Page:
“African-led solutions are increasingly making the difference on the challenges of the 21st century,” said Secretary of State Antony Blinken during his recent visit of Ethiopia. “One of the most powerful testaments to the importance of African leadership has been the November 2nd Cessation of Hostilities Agreement to end the conflict and suffering in northern Ethiopia.” This is “a major achievement and step forward, saving lives and changing lives.”
“The guns are silent. As the fighting has stopped, human rights violations declined. Humanitarian assistance is flowing, finally reaching nearly all communities in need, services are being restored in the Tigray Region, the TPLF is disarming, Eritrean and other non-federal forces are departing,” he said. “The dedicated diplomacy of the mediators from the African Union, from Kenya, from South Africa, supported by the United States, was essential to securing this agreement. And the AU monitoring mechanism is a key to its full implementation.”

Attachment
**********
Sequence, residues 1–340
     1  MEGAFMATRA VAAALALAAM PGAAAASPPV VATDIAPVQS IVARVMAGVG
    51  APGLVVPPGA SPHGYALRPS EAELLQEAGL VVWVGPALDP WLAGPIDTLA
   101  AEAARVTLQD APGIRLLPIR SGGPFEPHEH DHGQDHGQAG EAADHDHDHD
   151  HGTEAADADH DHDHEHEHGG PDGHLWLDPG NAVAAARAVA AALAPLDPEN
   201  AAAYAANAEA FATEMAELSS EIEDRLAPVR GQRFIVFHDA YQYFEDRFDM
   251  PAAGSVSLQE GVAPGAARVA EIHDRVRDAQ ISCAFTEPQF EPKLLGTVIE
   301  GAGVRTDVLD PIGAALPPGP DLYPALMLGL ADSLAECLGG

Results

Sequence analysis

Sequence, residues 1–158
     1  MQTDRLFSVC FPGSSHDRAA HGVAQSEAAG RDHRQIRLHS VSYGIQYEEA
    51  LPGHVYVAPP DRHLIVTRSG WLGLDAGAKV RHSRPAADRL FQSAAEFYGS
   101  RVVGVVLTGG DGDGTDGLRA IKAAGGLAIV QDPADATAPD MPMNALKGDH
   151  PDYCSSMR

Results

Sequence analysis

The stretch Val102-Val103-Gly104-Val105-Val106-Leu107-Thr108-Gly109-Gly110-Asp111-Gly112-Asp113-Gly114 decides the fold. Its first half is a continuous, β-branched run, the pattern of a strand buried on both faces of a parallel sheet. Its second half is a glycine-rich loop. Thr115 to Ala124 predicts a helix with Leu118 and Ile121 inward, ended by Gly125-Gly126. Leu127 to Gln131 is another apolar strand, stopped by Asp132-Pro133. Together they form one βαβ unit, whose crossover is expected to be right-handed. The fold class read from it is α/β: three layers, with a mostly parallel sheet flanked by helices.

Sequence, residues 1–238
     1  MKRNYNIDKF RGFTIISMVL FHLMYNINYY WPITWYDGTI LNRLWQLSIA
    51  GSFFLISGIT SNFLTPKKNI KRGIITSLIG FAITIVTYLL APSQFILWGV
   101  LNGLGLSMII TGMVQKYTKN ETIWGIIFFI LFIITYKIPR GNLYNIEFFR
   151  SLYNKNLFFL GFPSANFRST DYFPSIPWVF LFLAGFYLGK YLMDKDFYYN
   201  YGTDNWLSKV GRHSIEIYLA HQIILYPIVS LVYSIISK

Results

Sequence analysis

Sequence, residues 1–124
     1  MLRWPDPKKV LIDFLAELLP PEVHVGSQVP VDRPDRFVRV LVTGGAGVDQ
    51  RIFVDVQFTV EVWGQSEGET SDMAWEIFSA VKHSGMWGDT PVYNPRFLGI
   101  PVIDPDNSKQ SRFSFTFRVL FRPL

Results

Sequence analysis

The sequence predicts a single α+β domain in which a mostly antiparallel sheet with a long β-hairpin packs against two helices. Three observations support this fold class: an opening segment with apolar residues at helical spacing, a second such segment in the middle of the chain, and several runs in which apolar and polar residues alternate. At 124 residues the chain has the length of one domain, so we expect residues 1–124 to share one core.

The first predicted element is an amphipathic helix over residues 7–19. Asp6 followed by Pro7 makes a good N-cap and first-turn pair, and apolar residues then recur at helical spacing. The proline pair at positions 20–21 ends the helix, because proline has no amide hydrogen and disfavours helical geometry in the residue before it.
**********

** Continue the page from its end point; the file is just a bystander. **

“We welcome the commitments that the parties have made to acknowledging the atrocities committed and their devastating consequences,” said Secretary Blinken.
“Recognizing the atrocities committed by all parties is an essential step to achieving a sustainable peace. We urge Ethiopians to follow through on their commitments to each other to implement an inclusive and comprehensive transitional justice process that includes both reconciliation and accountability,” he said. “Overcoming poisonous grievances and ethnic divisions is the only way to break the cycle of political and ethnic violence in the north, in Oromia, or anywhere else. As a partner in that effort, the United States is providing both technical and financial support.”
Nonetheless, because “building lasting peace is being made more complicated by the acute economic challenges that Ethiopia faces,” the United States will keep partnering with Ethiopia on food security, and more, said Secretary Blinken:
“We’ll keep working together on public health, building on our many years of partnership to combat HIV/AIDS, and continue to tackle the COVID-19 pandemic and ensure that we’re all prepared for future pandemics.
“We’ll continue to support Ethiopia’s economic development, investing hundreds of millions in health, economic growth, education, democracy, and food security every year. And we’ll continue to support migrants and refugees, and victims of human rights abuse.”
“In all that we’re doing,” said Secretary Blinken, “our mission is to build a strong partnership between the United States and Ethiopia that ensures we can meet the aspirations of our people.”